fb-pixel
RHODE MAP

Providence is considering a guaranteed income program for certain residents

Providence Mayor Jorge Elorza announced the creation of a reparations program in July.
Providence Mayor Jorge Elorza announced the creation of a reparations program in July.Dan McGowan/The Boston Globe

If you have friends or relatives who would like their own free copy of this daily briefing about Rhode Island, tell them they can sign up here.

LEADING OFF

Happy Tuesday and welcome to Rhode Map, your daily guide to everything happening in the Ocean State. I’m Dan McGowan and if I go dark for most of the day, it’s because I’m reading Bob Woodward’s new book, “Rage.” Follow me on Twitter @DanMcGowan or send tips to Dan.McGowan@globe.com.

ICYMI: Rhode Island was up to 23,130 confirmed coronavirus cases on Monday, after adding 212 new cases since Friday. The most recent test-positive rate was 1.4 percent. The state announced four more deaths, bringing the total to 1,075. There were 80 people in the hospital, seven in intensive care, and four were on ventilators.

Advertisement



* * *

Providence Mayor Jorge Elorza was already among the first municipal leaders in the country to take a hard look at reparations for people with African or Indigenous heritage. Now he’s advocating for a guaranteed income for Providence residents.

Elorza is planning to announce this week that he is signing on to Mayors for a Guaranteed Income, a coalition of 25 mayors from around the country that was formed to advance the idea of providing a baseline of economic support to some or all residents in their communities.

The group is still in its early stages, and it is not advocating for a specific way to implement a program for providing monthly cash payments to Americans, but Elorza said he believes “the best way to protect the long-term health and well-being of our communities is by providing direct financial assistance to our residents.”

The concept of providing cash assistance to Americans has been around for decades, but it became a front-and-center campaign issue during Democrat Andrew Yang’s run for president earlier this year.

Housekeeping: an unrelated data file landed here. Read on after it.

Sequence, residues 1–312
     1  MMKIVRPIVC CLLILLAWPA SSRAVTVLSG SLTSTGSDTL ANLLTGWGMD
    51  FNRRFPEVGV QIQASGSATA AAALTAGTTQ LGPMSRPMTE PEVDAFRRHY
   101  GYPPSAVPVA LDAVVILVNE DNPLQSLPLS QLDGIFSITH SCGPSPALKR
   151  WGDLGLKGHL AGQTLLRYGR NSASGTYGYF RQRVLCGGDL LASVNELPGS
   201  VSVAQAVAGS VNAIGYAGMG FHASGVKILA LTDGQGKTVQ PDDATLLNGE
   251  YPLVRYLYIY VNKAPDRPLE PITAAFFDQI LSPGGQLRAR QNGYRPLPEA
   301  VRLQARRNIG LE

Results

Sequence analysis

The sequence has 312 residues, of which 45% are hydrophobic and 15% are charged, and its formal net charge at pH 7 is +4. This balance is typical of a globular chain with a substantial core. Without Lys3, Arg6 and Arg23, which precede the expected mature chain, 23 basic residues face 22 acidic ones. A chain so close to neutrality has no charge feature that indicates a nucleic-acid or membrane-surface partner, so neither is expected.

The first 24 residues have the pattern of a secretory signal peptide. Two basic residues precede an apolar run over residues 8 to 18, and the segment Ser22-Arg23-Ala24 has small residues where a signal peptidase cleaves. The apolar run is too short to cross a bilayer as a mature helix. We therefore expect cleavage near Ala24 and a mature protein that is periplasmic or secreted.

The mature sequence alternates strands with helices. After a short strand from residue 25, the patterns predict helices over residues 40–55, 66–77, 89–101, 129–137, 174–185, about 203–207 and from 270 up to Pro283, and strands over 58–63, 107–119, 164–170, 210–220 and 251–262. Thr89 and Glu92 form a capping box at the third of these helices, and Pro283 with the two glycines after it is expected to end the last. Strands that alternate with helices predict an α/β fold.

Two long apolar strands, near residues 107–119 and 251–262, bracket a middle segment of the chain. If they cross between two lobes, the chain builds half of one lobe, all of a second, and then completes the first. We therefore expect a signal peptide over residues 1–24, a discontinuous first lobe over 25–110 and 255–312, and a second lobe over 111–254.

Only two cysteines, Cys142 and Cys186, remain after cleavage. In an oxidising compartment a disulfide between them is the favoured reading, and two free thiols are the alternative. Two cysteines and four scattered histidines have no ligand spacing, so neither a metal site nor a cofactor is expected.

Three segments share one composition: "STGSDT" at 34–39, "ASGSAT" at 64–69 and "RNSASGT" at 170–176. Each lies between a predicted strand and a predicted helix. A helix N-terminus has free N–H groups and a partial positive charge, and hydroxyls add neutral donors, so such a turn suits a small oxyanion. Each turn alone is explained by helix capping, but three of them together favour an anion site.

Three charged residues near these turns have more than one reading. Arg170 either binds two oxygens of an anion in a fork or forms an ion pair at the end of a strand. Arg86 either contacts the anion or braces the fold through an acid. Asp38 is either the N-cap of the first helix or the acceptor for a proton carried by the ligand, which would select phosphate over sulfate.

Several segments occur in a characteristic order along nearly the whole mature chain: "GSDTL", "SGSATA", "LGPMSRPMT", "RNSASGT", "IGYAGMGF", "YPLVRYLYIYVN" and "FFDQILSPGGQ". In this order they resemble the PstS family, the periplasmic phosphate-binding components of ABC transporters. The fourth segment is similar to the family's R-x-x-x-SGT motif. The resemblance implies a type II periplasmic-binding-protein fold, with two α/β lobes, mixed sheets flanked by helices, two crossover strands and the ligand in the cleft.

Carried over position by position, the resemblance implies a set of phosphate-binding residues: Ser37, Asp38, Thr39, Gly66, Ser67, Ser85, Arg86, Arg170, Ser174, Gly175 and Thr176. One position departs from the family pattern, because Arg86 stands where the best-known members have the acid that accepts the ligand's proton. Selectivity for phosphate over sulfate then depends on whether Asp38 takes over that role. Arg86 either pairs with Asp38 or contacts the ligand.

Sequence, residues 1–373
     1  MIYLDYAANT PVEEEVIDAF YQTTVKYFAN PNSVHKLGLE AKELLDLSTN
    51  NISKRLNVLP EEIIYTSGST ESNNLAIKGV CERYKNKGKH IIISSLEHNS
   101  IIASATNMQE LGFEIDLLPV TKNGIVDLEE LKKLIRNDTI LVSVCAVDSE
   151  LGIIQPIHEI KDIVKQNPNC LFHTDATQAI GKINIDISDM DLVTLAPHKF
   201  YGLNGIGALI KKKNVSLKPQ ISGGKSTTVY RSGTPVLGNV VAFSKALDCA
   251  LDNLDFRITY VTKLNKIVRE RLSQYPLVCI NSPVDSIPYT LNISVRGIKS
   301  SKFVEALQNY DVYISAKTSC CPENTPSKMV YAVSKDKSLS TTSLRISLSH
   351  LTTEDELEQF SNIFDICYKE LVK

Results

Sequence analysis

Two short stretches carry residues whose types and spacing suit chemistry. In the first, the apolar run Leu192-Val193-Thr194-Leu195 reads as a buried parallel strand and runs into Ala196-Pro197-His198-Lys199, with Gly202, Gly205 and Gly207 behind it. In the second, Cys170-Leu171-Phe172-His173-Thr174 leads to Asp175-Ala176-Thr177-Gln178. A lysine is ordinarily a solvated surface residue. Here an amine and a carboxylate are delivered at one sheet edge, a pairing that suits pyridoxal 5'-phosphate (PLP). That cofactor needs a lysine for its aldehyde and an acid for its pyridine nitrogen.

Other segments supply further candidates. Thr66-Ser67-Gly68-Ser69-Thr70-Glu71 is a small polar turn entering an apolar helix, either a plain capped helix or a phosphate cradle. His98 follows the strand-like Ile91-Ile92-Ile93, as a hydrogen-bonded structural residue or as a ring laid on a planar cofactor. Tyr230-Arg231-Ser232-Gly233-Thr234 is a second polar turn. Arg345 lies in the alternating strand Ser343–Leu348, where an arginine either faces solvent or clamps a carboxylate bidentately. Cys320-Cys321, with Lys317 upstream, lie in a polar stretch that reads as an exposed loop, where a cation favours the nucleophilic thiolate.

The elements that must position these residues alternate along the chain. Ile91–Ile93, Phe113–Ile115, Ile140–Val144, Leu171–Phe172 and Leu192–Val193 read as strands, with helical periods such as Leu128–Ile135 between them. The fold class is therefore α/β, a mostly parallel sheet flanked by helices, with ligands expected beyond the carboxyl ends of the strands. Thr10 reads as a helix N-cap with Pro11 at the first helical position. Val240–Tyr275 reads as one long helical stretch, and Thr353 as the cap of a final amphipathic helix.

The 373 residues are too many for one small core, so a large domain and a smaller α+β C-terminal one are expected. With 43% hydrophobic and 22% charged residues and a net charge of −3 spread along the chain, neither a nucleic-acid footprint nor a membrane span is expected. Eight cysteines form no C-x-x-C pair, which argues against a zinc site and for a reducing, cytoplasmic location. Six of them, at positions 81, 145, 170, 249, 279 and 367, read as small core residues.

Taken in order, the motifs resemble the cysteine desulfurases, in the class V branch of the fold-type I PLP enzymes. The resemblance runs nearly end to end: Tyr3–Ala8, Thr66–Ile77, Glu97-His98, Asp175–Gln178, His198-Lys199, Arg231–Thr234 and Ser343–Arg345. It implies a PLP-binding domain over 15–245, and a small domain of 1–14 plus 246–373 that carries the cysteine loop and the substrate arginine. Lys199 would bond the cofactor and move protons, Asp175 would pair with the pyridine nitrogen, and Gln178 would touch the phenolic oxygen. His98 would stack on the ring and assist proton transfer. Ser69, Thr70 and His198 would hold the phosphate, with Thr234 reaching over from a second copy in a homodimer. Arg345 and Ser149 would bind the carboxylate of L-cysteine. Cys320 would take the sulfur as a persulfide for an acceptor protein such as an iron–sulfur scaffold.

Advertisement



Elorza said the pandemic has “highlighted the inequities of our social safety net.”

Elorza and Holyoke Mayor Alex Morse are the only mayors from New England who have joined the group, but some of the high-profile members include Los Angeles Mayor Eric Garcetti, Seattle Mayor Jenny Durkan, Philadelphia Mayor Jim Kenney, and Atlanta Mayor Keisha Lance Bottoms.

Similar to the city’s decision to begin exploring a reparations program, Elorza is not ready to say how much a guaranteed income program would cost or who would be eligible.

Providence officials are looking at programs in Stockton, California, and Jackson, Mississippi, for potential ideas. Stockon is running a pilot program that provides $500 a month to 125 residents. In Jackson, low-income African-American mothers are eligible for $1,000 a month with no strings attached for up to one year.

THE GLOBE IN RHODE ISLAND

Rhode Map wants to hear from you. If you’ve got a scoop or a link to an interesting news story in Rhode Island, e-mail us at RInews@globe.com.

⚓ The first day of school never happened for some of the nearly 3,000 elementary school students enrolled in Providence’s virtual learning academy.

⚓ Brown University School of Public Health dean Dr. Ashish Jha has an op-ed in the Globe arguing that we are at a moment in the pandemic where we must accept and respond to the basic book of facts.

⚓ If you need something to do this fall, why not sign up for one of these online cooking classes?

Advertisement



⚓ The New Yorker asks if actor Richard Jenkins is the most famous person in Rhode Island.

MORE ON BOSTONGLOBE.COM

Opinion: The Globe’s editorial board urges Americans to sign up to be a poll worker or observer in the November election.

Health: My colleague Jaclyn Reiss reports that the head executive of the world’s largest vaccine producer is cautioning that the world’s population may not be fully vaccinated against the coronavirus until at least the end of 2024.

Lifestyle: Billy Baker has a humorous column on items to buy in order to stay sane as we begin to move indoors this fall.

Economy: Millennials are finding the search to buy starter homes even more difficult during the pandemic.

Subscribe to BostonGlobe.com

WHAT’S ON TAP TODAY

Each day, Rhode Map offers a cheat sheet breaking down what’s happening in Rhode Island. Have an idea? E-mail us at RInews@globe.com.

⚓ The Globe’s Kara Baskin is holding a 10 a.m. virtual event that will explore how children can socialize safely this fall.

⚓ The state Council on Elementary and Secondary Education meets to discuss the reopening of schools at 5:30 p.m. Meanwhile, the Providence Teachers Union is planning to hold a rally outside of the Department of Education building shortly before the meeting.

⚓ The Rhode Island Complete Count Committee meets at 4 p.m. for another update on Rhode Island’s census count.

Advertisement



⚓ Do you ❤️ Rhode Map? Your subscription is what makes it possible. We’ve got a great offer here.

Thanks for reading. Send comments and suggestions to dan.mcgowan@globe.com, or follow me on Twitter @DanMcGowan. See you tomorrow.

Please tell your friends about Rhode Map! They can sign up here. The Globe has other e-mail newsletters on topics ranging from breaking news alerts to sports, politics, business, and entertainment -- check them out.


Dan McGowan can be reached at dan.mcgowan@globe.com. Follow him on Twitter at @danmcgowan.